Wiesbaden Army Airfield (WAAF), Germany
During the summer of 2001 the 1st Armored Division headquarters relocated to Wiesbaden Army Airfield [WAAF] and by the end of the year, the 410th Base Support Battalion closed up shop in Bad Kreuznach, returning the American military installations here to German control. The Wiesbaden community grew from about 4,000 to more than 5,500 soldiers and family members, supported by a $50 million-plus construction overhaul.
Roughly $32 million has been budgeted to spruce up Wiesbaden Army Airfield and the housing areas. The $32 million figure doesn't include funds being set aside for future construction work. The projects include: a $6 million child development center in 2003; a $5-6 million expansion and renovation of the community health and dental clinic, also in 2003; and about $7 million for a new indoor sports facility in 2004. Upgrades include barracks enhancements, a new School Age Services building, renovation of the Eagle's Nest, a Wiesbaden community club, to serve as the new 1st AD Headquarters, new temporary Child Development Center buildings, repair of roads, office building fix-ups, installation of fiber optic cable and more.
For most Bad Kreuznach-based single soldiers, the move meant a better quality of life. For WAAF-based soldiers, moving more than 500 new soldiers into the billets meant a cutback in living space, tighter parking and other logistical challenges. Single soldiers' quarters on the airfield maintained about a 55-percent occupancy rate. With the 1st Armored Division's move, the occupancy rate went to about 95 percent or higher.
In Wiesbaden, the 1AD junior enlisted soldiers moved into "two-plus-two rooms," two soldiers to a room with a shared bath between every two rooms. Sergeants moved into "one-plus-one rooms," one soldier to a room with a shared bath between every two rooms. On each floor of the barracks, the soldiers have access to a fully-equipped kitchen, including a dishwasher. In addition, each barracks building is equipped with two laundry rooms, each room furnished with four washers and four dryers.
The soldiers have access to morale facilities within walking distance of their barracks, including the gym, the AAFES Burger Bar, AAFES movie theater, Outdoor Rec., shoppette, military clothing sales store and the Welcome Center. Wiesbaden also hosts a very active BOSS program. In addition, the soldiers are just a short bus ride or drive from the Mainz Kastell shopping area and the Hainenberg Shopping Center. Soldiers who choose not to drive have access to German transit buses that stop right outside the airfield gate and the Army-run shuttle bus.
During 2000 the V Corps Artillery headquarters moved to Tompkins Barracks in Schwetzingen to better align that unit with its higher headquarters, V Corps, in Heidelberg. The improved proximity and associated command and control has been a USAREUR goal since V Corps Headquarters moved from Frankfurt to Heidelberg in 1994. Only after the 649th Engineer Company inactivated in June 1995 were facilities at Tompkins Barracks available to accommodate this move. Previously stationed in Wiesbaden, the unit has 51 wheeled vehicles, 1 track vehicle - an M-577 command and control vehicle, and 13 trailers and generators. It has 128 military positions and 4 civilian positions.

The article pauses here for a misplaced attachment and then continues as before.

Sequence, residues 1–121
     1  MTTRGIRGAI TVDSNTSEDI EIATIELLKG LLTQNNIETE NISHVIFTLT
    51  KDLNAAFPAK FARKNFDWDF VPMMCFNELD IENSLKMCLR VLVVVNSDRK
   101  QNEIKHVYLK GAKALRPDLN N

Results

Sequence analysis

The Wiesbaden/Mainz Community is located in the German State of Hessen and Rheinland Pfalz, in the central portion of Germany. The region is rich in history and cultural facilities.
Wiesbaden's most famous benefactor was Kaiser Wilhelm II. He used his own money to supplement the operations of the "Royal Opera." Following Kaiser Wilhelm's lead, the European aristocracy began to increase its patronage of Wiesbaden's spas, theater and social activities. Although some hotels and bath houses were bombed during World War II, most buildings in Wiesbaden remained untouched. Because so few buildings were destroyed, the ornate architecture found in Wiesbaden is seldom seen in other German cities, making Wiesbaden one of the most beautiful cities in Germany.
When the Air Force was established as a separate branch of service in 1947, Wiesbaden was selected as the site of the Air Force Headquarters in Europe, serving in that role until 1975. Consequently, Wiesbaden served as the hub for all activities supporting the Berlin Airlift, with around-the-clock flights from Wiesbaden Air Base. An Army Armored Brigade was stationed at Wiesbaden Air Base in the mid 1970s until it was replaced by the 3D Combat Support Command and 12th Aviation Brigade in the mid 1980s. From 1975 through 1993 Wiesbaden was a joint Army/Air Force community with a service-wide reputation for excellence that was enhanced by the strong bonds that developed between these organizations. Today, the Wiesbaden Air Base is offically named the Wiesbaden Army Air Field.
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